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Using the concentration-dependence of respiration arising from glucose addition to estimate in situ concentrations of labile carbon in grassland soil

Rousk, J. and Hill, P.W. and Jones, D.L. (2014) Using the concentration-dependence of respiration arising from glucose addition to estimate in situ concentrations of labile carbon in grassland soil. Soil Biology and Biochemistry, 77. pp. 81-88. DOI: 10.1016/j.soilbio.2014.06.015

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Abstract

In this study, we first determined the low molecular weight dissolved organic carbon (LMW DOC) concentration-dependent kinetics of soil respiration in a temperate grassland soil sampled on successive occasions. We then used the established relationship to estimate in situ LMW DOC concentrations from basal respiration measurements. 14C-labelled glucose was used as a model substrate and was added to soil over a wide range of concentrations (0.05�4000 μg C g�1 DW soil; equivalent to ca. 2.5 μM�200 mM glucose-C). The time-dependent loss of 14C-glucose to 14CO2 was similar to previous assessments. The Michaelis�Menten parameter Vmax varied between 17 (September 2010) and 42 (October 2010) μg CO2�C g�1 h�1 (corresponding to 1.4�3.5 µmol CO2 g�1 h�1), while Km varied between 893 (September 2010) and 1990 (October 2010) μg glucose-C g�1 (41�92 mM glucose), thus within the span previously reported for soils, albeit in the higher end of the range. However, the estimates were 6 orders-of-magnitude greater than those found in previous studies in natural waters. A possible methodological reason for this difference was an induced multiphasic concentration dependence, biasing Km and Vmax with high concentrations of LMW DOC. By combining the established concentration dependences with measurements of basal respiration, we estimated in situ concentrations of LMW DOC of 131 (October 2010), 112 (January 2011) and 270 (September 2010) μg LMW DOC g�1, far exceeding the total DOC concentration in the soil (17�20 μg DOC g�1 soil), thus invalidating our approach. We propose a way forward, and suggest that although current estimates of LMW DOC cycling need revision, there is evidence for a rapidly cycling pool of LMW DOC, possibly turning over >30 times per day, that warrants further attention.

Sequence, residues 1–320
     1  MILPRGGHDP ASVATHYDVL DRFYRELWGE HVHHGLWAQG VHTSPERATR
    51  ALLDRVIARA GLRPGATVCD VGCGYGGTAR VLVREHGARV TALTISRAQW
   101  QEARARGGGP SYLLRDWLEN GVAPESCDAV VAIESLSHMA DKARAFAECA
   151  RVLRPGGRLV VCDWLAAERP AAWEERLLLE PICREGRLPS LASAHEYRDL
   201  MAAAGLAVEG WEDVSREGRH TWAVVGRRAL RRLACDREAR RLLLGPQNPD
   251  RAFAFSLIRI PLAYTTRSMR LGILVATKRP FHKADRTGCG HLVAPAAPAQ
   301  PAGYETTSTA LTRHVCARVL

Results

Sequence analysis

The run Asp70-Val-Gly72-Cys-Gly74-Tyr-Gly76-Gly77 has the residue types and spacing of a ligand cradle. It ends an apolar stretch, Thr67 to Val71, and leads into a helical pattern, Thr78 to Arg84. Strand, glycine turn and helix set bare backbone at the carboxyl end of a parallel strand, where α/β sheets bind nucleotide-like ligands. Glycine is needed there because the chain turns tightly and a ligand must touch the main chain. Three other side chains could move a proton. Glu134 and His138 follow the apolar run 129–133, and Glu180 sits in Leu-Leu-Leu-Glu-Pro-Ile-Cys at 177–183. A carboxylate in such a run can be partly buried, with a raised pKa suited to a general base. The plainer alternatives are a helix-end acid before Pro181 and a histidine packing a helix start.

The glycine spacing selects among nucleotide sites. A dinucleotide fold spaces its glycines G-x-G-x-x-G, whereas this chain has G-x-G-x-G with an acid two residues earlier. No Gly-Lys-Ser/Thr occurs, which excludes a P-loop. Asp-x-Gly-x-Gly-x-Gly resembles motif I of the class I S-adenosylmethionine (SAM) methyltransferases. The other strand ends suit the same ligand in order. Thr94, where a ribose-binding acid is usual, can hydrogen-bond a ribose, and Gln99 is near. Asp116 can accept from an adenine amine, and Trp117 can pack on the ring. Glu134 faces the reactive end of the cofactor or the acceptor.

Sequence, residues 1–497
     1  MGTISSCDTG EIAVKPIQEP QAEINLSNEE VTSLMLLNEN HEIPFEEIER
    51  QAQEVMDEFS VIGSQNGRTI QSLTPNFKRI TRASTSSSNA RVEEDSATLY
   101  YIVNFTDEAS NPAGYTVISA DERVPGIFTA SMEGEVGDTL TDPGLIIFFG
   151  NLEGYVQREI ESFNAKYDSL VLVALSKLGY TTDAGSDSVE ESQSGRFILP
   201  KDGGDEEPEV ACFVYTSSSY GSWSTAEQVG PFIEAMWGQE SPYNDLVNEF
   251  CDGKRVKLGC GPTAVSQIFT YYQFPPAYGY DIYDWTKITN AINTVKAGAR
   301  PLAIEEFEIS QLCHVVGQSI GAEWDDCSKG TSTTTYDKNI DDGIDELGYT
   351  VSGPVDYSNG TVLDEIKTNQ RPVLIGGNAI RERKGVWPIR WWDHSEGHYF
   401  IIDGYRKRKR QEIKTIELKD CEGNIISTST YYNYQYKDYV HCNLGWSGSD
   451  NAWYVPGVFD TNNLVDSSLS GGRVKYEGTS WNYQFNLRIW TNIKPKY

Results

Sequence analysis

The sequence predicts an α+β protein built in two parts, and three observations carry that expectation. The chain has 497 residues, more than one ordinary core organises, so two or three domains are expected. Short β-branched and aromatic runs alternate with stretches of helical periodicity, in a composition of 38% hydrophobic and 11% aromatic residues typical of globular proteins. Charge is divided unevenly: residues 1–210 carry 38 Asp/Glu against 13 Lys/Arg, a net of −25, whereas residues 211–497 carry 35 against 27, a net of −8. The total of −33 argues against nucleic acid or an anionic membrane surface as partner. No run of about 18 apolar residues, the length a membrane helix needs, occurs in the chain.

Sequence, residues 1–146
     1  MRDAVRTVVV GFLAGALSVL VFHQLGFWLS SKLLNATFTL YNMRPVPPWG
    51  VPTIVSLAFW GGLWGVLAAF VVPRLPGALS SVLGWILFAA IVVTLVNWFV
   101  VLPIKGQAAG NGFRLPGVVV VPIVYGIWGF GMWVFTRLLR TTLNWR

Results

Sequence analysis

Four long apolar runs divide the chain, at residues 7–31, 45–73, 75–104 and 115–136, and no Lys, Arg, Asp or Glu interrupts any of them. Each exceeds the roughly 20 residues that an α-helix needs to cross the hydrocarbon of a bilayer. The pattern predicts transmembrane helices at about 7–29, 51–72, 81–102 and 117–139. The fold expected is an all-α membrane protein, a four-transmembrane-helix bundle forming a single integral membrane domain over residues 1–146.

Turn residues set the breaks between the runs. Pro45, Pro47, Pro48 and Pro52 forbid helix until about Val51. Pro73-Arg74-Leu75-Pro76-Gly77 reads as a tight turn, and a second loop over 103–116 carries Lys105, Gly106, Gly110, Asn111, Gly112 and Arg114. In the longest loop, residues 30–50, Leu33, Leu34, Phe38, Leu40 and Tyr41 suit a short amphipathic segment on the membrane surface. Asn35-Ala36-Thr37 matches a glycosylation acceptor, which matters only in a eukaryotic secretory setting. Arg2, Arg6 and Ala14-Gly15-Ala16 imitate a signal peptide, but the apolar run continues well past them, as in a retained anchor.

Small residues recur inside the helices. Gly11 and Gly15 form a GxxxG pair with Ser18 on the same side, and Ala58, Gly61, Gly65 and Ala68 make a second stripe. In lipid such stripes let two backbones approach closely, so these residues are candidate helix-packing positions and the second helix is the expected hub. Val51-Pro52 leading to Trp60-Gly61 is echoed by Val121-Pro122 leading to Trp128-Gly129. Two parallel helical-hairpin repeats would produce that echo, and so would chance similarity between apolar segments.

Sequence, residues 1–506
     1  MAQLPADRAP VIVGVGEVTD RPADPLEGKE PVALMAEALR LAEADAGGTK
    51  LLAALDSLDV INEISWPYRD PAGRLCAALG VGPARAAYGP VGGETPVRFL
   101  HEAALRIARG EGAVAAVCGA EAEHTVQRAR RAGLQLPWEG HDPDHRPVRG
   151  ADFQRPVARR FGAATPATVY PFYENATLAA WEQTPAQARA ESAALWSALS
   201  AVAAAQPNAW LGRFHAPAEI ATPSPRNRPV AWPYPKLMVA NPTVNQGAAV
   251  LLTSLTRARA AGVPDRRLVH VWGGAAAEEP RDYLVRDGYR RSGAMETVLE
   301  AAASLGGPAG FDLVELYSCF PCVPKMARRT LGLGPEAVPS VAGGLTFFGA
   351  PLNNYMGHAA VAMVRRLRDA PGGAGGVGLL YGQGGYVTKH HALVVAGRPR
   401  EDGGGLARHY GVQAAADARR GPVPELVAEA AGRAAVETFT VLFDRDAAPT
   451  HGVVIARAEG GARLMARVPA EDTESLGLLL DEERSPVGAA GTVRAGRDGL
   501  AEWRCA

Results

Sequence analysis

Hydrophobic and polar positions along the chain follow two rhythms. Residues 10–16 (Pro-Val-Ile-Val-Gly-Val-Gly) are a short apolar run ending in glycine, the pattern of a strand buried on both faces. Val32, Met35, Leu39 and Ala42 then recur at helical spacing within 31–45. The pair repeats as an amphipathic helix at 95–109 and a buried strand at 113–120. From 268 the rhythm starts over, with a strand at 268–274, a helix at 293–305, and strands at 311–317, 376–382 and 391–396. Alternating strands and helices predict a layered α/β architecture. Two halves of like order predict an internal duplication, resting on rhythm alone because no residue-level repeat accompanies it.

Item Type: Article
Subjects: Research Publications
Departments: College of Natural Sciences > School of Environment, Natural Resources and Geography
Date Deposited: 25 Jul 2015 02:36
Last Modified: 23 Sep 2015 02:56
ISSN: 0038-0717
URI: http://e.bangor.ac.uk/id/eprint/4873
Identification Number: DOI: 10.1016/j.soilbio.2014.06.015
Publisher: Elsevier
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